Thanks to you all for reminding me of wonderful books (that I have a sudden desire to re-read) and for suggesting some that I haven’t read. I usually have a non-fiction in process on the table in the family room (The Blue Parakeet by Scott McKnight and/or When the Kings Come Marching In by Richard Mouw sit there now) and a novel at my bedside (just finished The Lifeboat by Charlotte Rogan).

  9. qathy says:

    I have read many books twice. I have read War and Peace five times. I absolutely loved it every time, and every time my perspective had changed. When I was sixteen, I wanted to be the lovely petted and pampered Natasha. When I was fifty, I finally understood Natasha’s parents. A book of 1200 pages can easily be a new experience every time, even after five times.
    I read Shogun three times, and loved it every time, too. What an amazing story and what rich characters.
    You may be shocked that I have read Atlas Shrugged four times. Despite its godless outlook, it was a prophetic voice in its view of what America is becoming as citizens more and more adopt the moocher outlook Ayn Rand knew was coming. She had lived through the Russian Revolution, so she knew whereof she spoke, and lo, it is happening.I first read it when I was eighteen, and at that time, I actually thought that, despite excellent writing, it was an empty, dark, disturbing story. When I began to observe political and social trends in the country, I reread it. Again, and again. Most recently, I reread it in 2009, and shuddered at the things that were imaginary in 1962 that had become realities in 2009,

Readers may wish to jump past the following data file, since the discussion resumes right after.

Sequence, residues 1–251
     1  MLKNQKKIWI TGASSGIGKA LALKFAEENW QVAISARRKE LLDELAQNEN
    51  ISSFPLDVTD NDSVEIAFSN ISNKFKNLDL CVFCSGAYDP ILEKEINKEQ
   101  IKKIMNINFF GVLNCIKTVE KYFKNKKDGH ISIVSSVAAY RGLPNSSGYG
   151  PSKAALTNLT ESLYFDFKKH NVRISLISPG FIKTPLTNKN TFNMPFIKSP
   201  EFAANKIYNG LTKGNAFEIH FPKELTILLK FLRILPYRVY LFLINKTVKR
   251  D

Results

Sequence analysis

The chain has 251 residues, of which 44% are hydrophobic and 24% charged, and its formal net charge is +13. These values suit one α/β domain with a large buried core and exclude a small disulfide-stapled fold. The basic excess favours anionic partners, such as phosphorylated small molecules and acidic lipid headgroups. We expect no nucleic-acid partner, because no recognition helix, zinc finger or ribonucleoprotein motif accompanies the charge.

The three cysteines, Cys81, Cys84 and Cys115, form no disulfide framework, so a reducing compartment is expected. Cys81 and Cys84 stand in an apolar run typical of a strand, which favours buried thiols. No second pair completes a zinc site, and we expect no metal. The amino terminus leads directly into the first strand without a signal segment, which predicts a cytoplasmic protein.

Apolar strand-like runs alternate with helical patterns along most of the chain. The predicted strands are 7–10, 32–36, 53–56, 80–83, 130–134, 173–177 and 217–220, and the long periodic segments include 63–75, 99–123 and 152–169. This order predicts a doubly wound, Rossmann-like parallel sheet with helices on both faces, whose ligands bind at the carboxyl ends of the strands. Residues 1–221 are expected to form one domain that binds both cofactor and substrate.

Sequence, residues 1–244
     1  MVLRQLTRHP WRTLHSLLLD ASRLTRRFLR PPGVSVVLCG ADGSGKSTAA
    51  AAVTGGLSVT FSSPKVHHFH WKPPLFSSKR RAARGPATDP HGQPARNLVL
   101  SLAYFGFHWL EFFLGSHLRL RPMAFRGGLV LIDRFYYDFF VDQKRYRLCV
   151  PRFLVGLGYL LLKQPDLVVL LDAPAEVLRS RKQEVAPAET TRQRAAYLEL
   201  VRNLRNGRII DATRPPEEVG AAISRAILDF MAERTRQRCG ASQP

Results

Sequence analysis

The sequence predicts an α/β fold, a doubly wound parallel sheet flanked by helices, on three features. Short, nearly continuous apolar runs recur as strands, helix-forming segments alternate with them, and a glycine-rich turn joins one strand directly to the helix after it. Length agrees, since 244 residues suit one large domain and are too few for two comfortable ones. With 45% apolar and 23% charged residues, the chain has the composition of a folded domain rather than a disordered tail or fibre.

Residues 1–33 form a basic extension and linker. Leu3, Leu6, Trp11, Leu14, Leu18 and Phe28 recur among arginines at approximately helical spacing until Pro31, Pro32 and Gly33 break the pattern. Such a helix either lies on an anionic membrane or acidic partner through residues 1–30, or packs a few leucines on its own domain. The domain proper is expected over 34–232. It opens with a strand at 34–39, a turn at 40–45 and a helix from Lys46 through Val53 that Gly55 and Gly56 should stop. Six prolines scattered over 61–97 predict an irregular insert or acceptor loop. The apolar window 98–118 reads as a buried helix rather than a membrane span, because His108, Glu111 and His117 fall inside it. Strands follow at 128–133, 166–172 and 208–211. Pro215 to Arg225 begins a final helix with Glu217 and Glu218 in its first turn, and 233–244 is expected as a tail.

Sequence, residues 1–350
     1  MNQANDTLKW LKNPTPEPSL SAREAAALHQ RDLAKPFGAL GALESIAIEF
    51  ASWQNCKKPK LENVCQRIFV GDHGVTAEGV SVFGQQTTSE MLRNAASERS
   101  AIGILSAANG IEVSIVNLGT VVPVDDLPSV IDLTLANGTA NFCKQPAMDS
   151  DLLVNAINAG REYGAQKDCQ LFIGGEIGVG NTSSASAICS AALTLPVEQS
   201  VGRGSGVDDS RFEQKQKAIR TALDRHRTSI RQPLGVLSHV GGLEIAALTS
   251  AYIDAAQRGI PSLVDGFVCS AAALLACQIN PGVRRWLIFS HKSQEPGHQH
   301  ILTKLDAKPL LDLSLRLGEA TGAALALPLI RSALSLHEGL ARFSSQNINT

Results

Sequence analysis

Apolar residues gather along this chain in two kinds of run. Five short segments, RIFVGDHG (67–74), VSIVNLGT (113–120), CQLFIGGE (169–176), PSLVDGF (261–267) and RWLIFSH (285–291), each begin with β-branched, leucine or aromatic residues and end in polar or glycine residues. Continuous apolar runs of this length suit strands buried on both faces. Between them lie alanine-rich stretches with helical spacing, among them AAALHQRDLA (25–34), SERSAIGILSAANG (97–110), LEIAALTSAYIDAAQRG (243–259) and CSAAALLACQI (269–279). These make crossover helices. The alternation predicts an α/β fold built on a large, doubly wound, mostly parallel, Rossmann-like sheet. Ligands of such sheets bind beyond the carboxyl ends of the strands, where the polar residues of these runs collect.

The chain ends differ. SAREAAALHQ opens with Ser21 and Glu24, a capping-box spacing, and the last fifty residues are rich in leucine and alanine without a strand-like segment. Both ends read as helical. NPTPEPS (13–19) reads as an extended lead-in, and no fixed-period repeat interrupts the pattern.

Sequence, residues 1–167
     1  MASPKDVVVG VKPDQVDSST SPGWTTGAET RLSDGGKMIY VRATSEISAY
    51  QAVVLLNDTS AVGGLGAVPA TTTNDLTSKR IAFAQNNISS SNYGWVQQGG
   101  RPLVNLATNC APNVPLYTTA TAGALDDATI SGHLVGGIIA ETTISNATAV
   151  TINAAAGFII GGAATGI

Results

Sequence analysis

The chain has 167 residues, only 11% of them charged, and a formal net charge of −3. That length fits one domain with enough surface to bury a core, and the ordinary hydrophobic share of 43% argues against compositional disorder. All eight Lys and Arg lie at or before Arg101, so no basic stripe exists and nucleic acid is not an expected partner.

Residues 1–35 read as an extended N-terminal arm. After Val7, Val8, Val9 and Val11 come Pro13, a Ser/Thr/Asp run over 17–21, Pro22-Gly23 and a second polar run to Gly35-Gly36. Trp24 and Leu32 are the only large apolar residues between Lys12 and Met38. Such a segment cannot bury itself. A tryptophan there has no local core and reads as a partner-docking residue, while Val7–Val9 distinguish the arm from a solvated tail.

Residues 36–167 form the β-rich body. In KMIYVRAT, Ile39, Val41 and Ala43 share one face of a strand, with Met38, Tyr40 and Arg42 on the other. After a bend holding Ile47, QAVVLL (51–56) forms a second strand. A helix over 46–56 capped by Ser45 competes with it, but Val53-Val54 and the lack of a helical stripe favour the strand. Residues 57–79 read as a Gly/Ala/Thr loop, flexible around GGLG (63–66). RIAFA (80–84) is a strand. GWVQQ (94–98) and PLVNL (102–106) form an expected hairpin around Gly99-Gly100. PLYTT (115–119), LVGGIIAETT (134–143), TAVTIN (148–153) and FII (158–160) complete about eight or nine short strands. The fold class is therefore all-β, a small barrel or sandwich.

I have read Barbara Kingsolver’s The Bean Trees twice, as well as Louise Erdrich’s Last Report of the Miracles at Little No Horse. Kingsolver’s characters are unforgettable. Erdrich’s diction and wordpainting take my breath away.
    I have read the Bible straight through four times. I read from it every day, and my whole day is immersed in it, so there are numerous texts I have read hundreds of times, but I still like to read straight through every so often. It is easy to lose the context if I am not reminded that there is a context. I think a lot of very bad theology is rooted in texts extracted from their living connections in the Bible and pinned like a dead butterfly to somebody’s wishful thinking about the Bible. I do not want to make up teachings; I want to discover them.

    • Judy says:

      Wow – War and Peace five times! That is one I haven’t read. I too read Atlas Shrugged as a young adult and it made an impression on me. May even have read it a second time somewhere along the way. I completely agree with the importance of reading the whole Bible, often. “…bad theology rooted in texts extracted from their living connection in the Bible and pinned like a dead butterfly to somebody’s wishful thinking about the Bible.”. True and well said! Thanks